I’m reading Learning the World by Ken McLeod (available here) and it turns out that the title is that of a blog* written by one of the characters. This is the first time I’ve seen a novel named for a blog – are there any other instances.
Also striking is the fact that, even though the human characters in the book are inhabitants of a spaceship large enough for millions of people and capable of traversing interstellar distances, blog technology doesn’t appear to have advanced much since 2003. They have RSS feeds mailing lists and comments, or course. There’s some sort of of mental direct viewing technology as well, but nothing much new for blogs as such.
This raises the question: If we disregard technical feasibility, what kinds of wishlists do people have for improvements in blogs? Or is the form already so mature that any real improvement would change it into something else altogether?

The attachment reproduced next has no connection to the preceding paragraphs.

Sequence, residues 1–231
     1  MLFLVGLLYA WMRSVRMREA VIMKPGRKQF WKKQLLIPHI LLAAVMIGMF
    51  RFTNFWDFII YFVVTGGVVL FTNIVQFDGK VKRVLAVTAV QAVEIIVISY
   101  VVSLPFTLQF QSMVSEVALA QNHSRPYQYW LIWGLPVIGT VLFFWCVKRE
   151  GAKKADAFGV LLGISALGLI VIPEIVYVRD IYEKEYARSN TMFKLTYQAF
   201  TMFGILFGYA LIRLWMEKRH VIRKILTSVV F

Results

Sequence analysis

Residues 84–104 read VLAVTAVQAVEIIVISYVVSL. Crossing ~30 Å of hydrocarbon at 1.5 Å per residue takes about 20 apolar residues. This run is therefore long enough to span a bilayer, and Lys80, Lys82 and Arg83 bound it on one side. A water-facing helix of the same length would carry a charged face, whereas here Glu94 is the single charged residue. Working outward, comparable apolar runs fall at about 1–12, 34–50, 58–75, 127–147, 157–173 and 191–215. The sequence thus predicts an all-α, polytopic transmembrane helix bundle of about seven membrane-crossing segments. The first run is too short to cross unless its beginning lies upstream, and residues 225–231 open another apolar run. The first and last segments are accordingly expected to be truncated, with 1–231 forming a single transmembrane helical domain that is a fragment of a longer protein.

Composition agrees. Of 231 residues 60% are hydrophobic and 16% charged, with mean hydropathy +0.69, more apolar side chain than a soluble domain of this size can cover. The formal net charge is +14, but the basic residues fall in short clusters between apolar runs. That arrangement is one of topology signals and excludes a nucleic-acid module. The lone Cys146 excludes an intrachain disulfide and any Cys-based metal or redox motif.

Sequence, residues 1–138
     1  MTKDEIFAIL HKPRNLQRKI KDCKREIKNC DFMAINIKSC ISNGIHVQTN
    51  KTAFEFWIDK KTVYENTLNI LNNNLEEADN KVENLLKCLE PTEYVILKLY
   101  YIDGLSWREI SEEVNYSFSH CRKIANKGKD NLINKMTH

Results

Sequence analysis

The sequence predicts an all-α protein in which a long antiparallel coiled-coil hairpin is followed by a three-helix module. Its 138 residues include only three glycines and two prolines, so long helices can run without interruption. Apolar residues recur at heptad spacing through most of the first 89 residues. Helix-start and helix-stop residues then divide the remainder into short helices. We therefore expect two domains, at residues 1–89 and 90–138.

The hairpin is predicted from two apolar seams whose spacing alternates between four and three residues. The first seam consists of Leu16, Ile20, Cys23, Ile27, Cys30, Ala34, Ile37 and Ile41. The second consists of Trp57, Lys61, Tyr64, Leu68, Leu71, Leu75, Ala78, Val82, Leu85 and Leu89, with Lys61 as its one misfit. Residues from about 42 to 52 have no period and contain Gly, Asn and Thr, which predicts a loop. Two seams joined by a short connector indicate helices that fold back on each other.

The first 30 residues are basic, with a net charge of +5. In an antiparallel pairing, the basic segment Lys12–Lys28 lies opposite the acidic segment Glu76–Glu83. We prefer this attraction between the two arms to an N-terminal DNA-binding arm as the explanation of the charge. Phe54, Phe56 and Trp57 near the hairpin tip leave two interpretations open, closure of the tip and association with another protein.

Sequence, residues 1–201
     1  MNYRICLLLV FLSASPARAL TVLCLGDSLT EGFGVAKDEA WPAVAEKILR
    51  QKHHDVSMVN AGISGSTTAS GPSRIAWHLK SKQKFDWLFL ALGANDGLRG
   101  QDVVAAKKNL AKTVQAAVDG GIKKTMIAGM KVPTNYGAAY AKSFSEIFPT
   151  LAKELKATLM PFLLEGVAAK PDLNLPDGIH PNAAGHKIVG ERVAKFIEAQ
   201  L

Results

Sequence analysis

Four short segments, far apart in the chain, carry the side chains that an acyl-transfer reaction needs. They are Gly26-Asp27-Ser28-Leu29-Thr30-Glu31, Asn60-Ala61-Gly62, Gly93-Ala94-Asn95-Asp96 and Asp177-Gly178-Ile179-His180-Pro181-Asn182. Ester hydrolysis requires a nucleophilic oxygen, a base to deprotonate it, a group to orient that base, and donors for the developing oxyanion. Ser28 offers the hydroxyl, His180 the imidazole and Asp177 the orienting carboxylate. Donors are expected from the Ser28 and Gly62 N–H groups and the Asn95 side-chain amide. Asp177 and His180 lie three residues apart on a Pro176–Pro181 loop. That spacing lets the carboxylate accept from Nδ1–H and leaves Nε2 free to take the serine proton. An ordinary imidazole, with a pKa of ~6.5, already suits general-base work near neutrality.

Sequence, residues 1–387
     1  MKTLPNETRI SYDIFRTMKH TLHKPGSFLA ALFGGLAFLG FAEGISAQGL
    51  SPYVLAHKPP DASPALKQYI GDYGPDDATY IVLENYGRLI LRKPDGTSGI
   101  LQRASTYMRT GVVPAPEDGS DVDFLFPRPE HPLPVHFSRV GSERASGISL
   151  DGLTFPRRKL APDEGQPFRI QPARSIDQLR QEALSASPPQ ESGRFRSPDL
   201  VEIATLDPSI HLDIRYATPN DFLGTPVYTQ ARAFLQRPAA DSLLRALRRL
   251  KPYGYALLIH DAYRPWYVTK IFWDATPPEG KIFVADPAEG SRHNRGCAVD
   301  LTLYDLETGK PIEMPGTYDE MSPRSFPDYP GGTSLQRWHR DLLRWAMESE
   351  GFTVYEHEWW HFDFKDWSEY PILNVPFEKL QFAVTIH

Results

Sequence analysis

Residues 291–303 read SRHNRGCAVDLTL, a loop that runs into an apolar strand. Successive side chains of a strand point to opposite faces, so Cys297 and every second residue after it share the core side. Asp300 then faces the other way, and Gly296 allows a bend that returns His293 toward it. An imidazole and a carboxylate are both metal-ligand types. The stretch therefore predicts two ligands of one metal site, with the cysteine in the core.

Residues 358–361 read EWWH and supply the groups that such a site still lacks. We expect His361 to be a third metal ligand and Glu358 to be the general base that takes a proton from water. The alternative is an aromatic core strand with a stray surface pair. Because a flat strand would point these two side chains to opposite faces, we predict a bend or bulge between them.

* Well, “biolog”, but I don’t know if that’ll catch on any time in the next 5000 years.
4 thoughts on “Eponymous blogs”
We see more and more people incorporating video files in their blogs. As phonecam technology gets better this will likely increase people in turning their blog into something closer approximating a TV channel reflecting their life and interests.
People with health problems could keep a real time healthblog that their medico could check at any time and perhaps administer treatment through. Some sort of wristwatch contraption could do all the monitoring and connectivity.
Better translation software will make blogs in other languages more accessible. But probably no more intelligible.
surely the medico would be some expert system just trawling the rss feeds…
[…] a perfectly good word with no available substitute, so I’m going to keep using it as I have always […]
It is of little surprise that blog technology/blogging should not have advanced much further relative to other technologies considering the level it has attained in the last twenty years due to inputs from commenters, who one day will be considered legends.